The Red Sea is one of the hottest and saltiest oceans in the world due to its location as the northernmost tropical sea on Earth and its high surface salinities. A salinity of 4%, which is significantly greater than that of other seas, is caused by a combination of factors including a high rate of evaporation, low precipitation, and a dearth of rivers that discharge freshwater into the sea.
The Red Sea is practically tideless because currents are weak and only seldom present, and because tides range from 0.6 to 0.9 meters. The constant north-west wind that dominates the northern Red Sea and the Gulf of Aqaba is the main cause of wind-induced currents.
Due to these exceptional circumstances, the Gulf of Aqaba’s shoreline is covered in fringing coral reefs, creating a diverse and rich ecology. This section of the Red Sea is a well-liked national and international tourist attraction, especially for Red Sea Diving Safari Divers and snorkelers, thanks to a combination of a suitable environment, warm sea, and numerous natural and archaeological objects of interest.
Together with coralline algae and certain sponges, coral reefs in Aqaba are the principal reef builders. In addition to fish and seabirds, healthy reefs are also home to sponges, cnidarians, worms, crabs, sea squirts, and sea turtles. In coral reefs, mammals are uncommon, with dolphins being the primary exception as a visiting cetacean.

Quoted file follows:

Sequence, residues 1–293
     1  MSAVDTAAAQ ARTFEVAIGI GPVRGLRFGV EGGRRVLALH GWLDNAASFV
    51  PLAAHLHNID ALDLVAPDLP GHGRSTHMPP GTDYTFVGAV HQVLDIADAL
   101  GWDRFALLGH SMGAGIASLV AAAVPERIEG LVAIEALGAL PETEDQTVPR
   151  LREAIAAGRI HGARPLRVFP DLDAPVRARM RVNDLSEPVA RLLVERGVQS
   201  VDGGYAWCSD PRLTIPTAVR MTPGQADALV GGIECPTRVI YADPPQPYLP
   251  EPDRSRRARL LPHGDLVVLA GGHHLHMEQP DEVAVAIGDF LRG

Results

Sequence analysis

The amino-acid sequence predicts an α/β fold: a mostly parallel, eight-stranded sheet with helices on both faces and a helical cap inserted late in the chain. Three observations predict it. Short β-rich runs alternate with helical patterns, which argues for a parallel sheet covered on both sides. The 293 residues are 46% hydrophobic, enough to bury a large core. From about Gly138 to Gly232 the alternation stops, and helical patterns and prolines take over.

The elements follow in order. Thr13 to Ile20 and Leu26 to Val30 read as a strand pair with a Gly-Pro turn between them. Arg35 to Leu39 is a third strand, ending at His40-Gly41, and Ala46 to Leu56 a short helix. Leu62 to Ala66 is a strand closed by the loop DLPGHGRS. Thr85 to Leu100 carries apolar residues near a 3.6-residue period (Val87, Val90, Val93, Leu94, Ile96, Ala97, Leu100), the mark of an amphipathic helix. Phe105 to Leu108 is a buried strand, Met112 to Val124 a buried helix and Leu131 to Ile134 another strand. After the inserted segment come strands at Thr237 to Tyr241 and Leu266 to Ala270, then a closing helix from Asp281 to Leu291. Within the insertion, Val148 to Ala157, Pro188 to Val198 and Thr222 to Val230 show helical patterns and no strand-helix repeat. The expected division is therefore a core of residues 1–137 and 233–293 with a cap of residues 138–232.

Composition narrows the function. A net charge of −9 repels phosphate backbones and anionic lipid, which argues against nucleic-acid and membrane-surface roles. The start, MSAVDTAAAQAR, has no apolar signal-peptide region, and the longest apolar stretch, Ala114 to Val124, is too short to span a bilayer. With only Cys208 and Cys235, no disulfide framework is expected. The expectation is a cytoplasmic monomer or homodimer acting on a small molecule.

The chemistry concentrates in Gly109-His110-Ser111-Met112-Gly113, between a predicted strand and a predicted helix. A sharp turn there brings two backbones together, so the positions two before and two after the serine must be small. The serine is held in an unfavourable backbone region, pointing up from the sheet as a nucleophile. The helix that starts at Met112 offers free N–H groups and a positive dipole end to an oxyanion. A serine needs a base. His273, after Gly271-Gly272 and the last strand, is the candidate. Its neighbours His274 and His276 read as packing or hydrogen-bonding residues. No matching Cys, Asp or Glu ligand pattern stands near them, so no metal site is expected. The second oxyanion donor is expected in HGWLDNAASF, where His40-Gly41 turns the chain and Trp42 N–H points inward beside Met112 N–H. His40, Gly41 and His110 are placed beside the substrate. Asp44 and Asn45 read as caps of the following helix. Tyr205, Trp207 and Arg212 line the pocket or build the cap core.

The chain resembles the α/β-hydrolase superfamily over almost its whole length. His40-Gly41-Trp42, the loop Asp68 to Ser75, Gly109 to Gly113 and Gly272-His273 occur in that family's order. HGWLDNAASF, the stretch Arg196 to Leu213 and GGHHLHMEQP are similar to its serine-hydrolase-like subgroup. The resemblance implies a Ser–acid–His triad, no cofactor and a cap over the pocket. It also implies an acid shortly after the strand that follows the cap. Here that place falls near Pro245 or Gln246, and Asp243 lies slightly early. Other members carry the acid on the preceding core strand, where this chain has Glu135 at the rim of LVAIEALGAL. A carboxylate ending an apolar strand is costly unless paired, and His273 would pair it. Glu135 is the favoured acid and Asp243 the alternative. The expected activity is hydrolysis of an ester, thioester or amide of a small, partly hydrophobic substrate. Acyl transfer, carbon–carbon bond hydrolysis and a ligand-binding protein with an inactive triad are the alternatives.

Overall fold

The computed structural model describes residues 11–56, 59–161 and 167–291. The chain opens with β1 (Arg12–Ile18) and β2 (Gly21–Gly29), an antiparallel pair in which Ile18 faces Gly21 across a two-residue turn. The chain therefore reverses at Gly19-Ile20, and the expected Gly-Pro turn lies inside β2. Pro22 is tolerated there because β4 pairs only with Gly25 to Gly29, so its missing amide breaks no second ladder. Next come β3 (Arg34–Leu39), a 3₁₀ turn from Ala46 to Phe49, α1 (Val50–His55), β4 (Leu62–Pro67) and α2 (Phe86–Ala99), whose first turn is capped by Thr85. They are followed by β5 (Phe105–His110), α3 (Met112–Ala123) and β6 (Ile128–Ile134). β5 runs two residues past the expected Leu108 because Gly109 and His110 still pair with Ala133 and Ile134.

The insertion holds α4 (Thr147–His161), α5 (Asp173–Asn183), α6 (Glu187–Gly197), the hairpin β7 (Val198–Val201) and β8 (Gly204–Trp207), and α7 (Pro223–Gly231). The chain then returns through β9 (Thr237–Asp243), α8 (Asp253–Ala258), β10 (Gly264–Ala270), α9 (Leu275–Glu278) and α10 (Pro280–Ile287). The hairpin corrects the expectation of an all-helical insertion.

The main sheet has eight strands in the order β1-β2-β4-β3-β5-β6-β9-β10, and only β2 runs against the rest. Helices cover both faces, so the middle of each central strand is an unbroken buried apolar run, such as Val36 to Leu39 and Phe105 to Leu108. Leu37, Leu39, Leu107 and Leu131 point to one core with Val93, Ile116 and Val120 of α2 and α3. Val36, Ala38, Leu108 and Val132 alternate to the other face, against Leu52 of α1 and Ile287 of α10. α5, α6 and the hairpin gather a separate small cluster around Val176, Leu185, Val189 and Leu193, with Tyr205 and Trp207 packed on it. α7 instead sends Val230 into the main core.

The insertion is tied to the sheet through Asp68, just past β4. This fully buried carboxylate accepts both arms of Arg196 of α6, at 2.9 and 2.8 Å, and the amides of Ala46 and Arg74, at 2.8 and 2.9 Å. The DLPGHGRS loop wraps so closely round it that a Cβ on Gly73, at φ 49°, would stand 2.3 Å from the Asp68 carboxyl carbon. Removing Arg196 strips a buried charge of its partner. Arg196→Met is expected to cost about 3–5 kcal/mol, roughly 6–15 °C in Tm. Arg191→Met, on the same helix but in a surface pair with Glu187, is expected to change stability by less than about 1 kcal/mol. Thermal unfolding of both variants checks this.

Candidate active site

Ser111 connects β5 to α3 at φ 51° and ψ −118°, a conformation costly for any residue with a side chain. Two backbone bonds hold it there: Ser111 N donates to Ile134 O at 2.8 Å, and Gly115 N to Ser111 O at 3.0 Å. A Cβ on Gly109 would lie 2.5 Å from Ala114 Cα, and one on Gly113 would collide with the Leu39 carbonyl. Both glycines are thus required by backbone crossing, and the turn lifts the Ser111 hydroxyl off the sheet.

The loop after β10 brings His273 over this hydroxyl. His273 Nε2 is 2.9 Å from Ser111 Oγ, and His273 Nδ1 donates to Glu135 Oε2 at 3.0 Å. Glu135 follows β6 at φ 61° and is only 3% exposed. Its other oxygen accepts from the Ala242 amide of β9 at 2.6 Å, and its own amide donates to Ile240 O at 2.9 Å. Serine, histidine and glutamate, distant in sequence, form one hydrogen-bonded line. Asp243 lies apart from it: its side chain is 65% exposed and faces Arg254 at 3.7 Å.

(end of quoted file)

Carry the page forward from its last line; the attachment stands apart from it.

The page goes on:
Except from people, of course, who frequently come and appreciate coral reefs in Aqaba.
According to the study, the shoreline of the Gulf of Aqaba is home to red sea coral reefs at least 150 species of hard coral types of coral in the red sea, 23 of which are hard coral species that are currently thought to be indigenous to the Red Sea. 11 of the 23 hard coral species that are native to the Red Sea may be found in Jordan, making up 7.5% of the total number of Red Sea species. According to JREDS Executive Director Ehab Eid, the statistic is significant and remarkable since it demonstrates the high endemicity percentage of hard corals in the Gulf of Aqaba.
The Red Sea coral reef is located in the Red Sea, which is a body of water situated between Africa and the Arabian Peninsula. The Red Sea is bordered by several countries, including Egypt, Sudan, Eritrea, Djibouti, Saudi Arabia, Yemen, and Jordan. The coral reef system stretches along the coastline of these countries and is known for its rich biodiversity and vibrant marine life. It is one of the world’s most famous and diverse coral reef systems, attracting divers and snorkelers from around the globe.
Aqaba is a city located at the northern tip of the Red Sea’s Gulf of Aqaba. It is known for its beautiful coral reefs and diverse marine life, making it a popular destination for diving and snorkeling enthusiasts. Here are some key facts about the coral reefs in Aqaba: